Republicans have indicated that they want to focus on repealing most of the Affordable Care Act before they turn to tax policy. Many GOP members of Congress favor having a replacement for the ACA in hand before repeal.

"It's just the way the budget works that we won't be able to get the ability to write our tax reform bill until our spring budget passes, and then we write that through the summer," House Speaker Paul Ryan recently told Fox News' "Fox and Friends."

That means tax reform plans may not even start to get serious attention in the GOP-controlled Congress until the summer or fall. Republicans, who have 52 seats in the Senate, have signaled they want to use a process called reconciliation to pass legislation to repeal and replace the ACA and implement tax reform.

Democrats in a Senate that has become entrenched in bitter partisanship in the early days of Trump's presidency likely will not support the health care and tax changes. Therefore, the GOP will try to use a process that requires 51 votes rather than 60.

White House Press Secretary Sean Spicer said Congress will use fiscal year 2017 reconciliation for the ACA, popularly known as Obamacare. The fiscal 2018 reconciliation, which could come later this year, will focus on "a comprehensive tax plan" for both the "business side and individual tax rates," Spicer said.

A provision in budget reconciliation would not allow an ACA repeal and tax reform in one fiscal year. Even though repealing Obamacare is the priority, Republicans have yet to craft a replacement plan.

"My guess is that next year is the earliest we'll see a big tax bill, and a lot of that depends on how much progress they make replacing Obamacare, which was a higher profile campaign promise than tax reform," said Robert Bixby, executive director of The Concord Coalition, a nonpartisan organization that promotes fiscal responsibility.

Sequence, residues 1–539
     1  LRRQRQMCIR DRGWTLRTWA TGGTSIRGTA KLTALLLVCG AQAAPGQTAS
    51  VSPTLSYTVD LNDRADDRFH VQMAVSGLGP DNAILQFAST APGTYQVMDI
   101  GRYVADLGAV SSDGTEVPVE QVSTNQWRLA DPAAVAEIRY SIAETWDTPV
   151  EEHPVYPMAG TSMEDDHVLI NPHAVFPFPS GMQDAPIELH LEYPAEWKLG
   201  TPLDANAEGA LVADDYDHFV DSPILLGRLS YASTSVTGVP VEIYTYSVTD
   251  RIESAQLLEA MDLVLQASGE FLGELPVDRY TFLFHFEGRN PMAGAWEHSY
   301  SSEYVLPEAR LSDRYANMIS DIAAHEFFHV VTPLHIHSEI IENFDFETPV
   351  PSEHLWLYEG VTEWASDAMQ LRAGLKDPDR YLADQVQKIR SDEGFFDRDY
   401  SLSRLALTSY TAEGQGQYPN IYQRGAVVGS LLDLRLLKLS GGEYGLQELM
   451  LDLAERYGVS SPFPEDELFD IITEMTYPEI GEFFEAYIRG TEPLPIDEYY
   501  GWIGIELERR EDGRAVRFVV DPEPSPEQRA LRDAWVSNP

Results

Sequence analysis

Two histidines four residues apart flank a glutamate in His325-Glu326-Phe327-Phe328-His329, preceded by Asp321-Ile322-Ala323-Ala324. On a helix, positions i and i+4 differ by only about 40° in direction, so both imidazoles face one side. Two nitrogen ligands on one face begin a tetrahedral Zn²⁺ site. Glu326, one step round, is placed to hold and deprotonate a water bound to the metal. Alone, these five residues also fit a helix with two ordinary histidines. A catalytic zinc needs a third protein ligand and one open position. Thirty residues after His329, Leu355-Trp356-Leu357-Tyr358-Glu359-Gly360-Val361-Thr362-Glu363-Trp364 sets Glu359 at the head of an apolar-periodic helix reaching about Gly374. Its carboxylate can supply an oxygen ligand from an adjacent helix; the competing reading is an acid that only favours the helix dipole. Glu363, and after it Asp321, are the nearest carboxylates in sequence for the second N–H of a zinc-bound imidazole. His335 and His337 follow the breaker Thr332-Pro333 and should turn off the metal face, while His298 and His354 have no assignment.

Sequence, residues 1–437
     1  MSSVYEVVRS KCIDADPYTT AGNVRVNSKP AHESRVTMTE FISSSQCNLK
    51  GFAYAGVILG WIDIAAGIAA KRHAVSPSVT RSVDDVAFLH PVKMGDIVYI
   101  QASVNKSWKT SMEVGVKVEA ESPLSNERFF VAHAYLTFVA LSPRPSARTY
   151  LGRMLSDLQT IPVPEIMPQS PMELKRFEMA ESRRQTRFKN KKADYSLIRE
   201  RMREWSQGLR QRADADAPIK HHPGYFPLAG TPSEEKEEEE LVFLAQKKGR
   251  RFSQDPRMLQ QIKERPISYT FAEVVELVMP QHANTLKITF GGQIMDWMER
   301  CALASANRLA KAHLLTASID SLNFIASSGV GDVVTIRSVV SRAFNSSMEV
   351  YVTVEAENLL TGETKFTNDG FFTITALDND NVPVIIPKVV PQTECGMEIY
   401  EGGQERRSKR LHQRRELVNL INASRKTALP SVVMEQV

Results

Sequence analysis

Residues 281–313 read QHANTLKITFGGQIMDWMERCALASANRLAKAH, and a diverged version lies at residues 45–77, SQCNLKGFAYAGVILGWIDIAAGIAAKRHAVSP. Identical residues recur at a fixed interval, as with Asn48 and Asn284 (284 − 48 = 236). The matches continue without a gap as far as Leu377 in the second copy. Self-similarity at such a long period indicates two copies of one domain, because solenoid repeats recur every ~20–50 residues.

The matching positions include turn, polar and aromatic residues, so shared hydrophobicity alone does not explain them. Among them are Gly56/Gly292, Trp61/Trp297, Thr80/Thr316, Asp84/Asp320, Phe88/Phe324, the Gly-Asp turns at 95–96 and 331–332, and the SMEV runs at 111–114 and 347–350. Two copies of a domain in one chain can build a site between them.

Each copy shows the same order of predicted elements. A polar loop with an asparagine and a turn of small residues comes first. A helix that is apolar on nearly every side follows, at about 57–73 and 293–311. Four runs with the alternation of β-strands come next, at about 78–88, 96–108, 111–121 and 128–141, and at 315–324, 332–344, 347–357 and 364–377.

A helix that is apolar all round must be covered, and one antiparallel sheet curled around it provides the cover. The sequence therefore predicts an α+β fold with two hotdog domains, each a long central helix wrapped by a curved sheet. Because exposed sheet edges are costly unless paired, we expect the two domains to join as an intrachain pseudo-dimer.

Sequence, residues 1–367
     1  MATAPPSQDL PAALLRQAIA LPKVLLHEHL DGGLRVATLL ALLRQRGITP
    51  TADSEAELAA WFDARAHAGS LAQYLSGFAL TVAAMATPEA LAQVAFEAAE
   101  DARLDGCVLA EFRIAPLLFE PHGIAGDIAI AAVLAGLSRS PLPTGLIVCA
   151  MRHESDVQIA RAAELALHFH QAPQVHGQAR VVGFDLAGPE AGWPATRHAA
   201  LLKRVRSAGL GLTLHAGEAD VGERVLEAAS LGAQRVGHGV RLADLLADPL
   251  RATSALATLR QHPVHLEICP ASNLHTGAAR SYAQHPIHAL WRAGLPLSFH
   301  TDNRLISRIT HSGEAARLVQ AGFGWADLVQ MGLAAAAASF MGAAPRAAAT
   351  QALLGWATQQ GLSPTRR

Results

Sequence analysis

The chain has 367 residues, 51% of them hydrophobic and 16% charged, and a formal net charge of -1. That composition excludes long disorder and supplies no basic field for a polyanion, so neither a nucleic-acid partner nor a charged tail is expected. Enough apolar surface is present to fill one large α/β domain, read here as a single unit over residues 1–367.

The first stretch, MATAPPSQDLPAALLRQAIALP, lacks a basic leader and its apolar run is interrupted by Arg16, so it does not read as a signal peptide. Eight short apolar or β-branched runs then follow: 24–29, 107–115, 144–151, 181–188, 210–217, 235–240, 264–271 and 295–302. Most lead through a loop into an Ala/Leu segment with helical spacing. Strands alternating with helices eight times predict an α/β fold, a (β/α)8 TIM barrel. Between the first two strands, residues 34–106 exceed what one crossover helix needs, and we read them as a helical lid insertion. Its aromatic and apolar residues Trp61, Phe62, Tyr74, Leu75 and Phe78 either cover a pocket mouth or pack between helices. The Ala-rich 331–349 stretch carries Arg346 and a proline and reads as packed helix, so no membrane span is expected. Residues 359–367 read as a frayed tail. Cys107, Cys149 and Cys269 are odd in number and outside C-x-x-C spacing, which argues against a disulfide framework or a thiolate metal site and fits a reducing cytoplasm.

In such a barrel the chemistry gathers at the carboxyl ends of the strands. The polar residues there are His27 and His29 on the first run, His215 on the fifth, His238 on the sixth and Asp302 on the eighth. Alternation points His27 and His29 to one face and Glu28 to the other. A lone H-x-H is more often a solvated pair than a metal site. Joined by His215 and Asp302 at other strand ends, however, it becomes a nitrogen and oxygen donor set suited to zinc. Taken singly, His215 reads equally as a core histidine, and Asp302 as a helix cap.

Republicans also will have to hash out disagreements among themselves about how best to structure tax policy. The most prominent discussion so far has centered around so-called border adjustment.

The proposal in the House GOP plan would put a 20 percent tax on imported goods. The border tax would coincide with slashing the corporate tax rate to 20 percent.

Sen. David Perdue, R-Ga., urged colleagues Wednesday to reject the provision, saying it is "regressive, hammers consumers, and shuts down economic growth." Other GOP senators — including Mike Lee of Utah and John Cornyn of Texas — also have expressed skepticism about the plan.

The White House has appeared to warm to the idea somewhat, floating a 20 percent tax on Mexican imports as a possible method to pay for a wall along the U.S.-Mexico border that could cost an estimated $21.6 billion.

Goldwein said that issue is "likely just the first of many discussions" that will take place during what will be a "hard process."

Democrats also have raised concerns about how tax changes could affect different income groups. Analyses of Trump's campaign plans said they would help wealthy taxpayers more than the middle class, though Trump's Treasury Secretary nominee Steven Mnuchin has said that will not happen.